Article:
OSAKA -- Japanese electronics maker Funai will partner with electronics retailer Yamada Denki to sell 4K OLED televisions as early as 2018 in preparation for rising demand before the Tokyo Olympics in 2020.
"In 2020 we will reach 20% of domestic market share (on a unit basis), not just for LCDs but also for all products including OLEDs," said Hideaki Funakoshi, president and CEO of Funai, at a product announcement for the company's LCD TVs on Wednesday. Details have not yet been released, but the OLED models are expected to be competitively priced, like their LCD counterparts that go on sale in June.
This year is being called the first of the OLED era. Sony, Panasonic and Toshiba have also announced new models with organic light-emitting diode displays, but because South Korea's LG Display is the sole supplier of such panels, these companies are distinguishing their products with other features like image processing and acoustics.
Sony's OLED TV will feature a display that also serves as the speaker. Panasonic will use technology developed during the plasma TV era to improve image quality, and acoustics from its Technics brand to improve sound quality. Toshiba will use artificial intelligence in image processing.
"Television demand will steadily expand," predicts Hiroyuki Miyajima, president of electronics retailer Bic Camera. As the Tokyo Olympics in 2020 approach, demand is expected to rise, and another boost is predicted from consumers replacing the TVs they bought in 2009, when the Japanese government sponsored a program to spur appliance consumption. As OLED TVs continue to increase in size -- Panasonic will release a 65-inch version -- some are predicting that the technology will become more popular.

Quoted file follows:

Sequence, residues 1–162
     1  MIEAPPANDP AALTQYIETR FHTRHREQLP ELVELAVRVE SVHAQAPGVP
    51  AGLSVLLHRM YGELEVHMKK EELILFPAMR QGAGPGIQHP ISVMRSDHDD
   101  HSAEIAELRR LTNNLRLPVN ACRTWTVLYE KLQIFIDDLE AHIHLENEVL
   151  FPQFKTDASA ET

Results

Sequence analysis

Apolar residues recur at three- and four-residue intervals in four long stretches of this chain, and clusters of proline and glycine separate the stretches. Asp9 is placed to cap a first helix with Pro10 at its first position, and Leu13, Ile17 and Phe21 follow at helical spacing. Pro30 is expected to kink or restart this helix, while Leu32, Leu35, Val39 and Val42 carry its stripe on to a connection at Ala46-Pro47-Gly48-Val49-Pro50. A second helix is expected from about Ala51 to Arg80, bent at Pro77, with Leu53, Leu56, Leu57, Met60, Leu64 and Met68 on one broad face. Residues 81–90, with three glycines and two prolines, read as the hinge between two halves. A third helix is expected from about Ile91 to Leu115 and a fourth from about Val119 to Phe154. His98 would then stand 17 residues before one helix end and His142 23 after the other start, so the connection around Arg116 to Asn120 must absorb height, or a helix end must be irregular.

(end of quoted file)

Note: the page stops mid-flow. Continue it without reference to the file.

Last year Funai reached an exclusive sales deal for LCD TVs with Yamada, the first entry into the Japanese television market in some time for the electronics maker. Yamada wanted to respond to customer demand for LCD models. The TVs will have better usability and performance. In the first wave, the TVs were equipped with recording functions while prices were kept low. The products are expected to bear the Funai brand name.
As more companies enter the market, some fear downward pressure on prices. Although options will widen for consumers, the reemergence of excessive competition could lead to a war of attrition among electronics makers.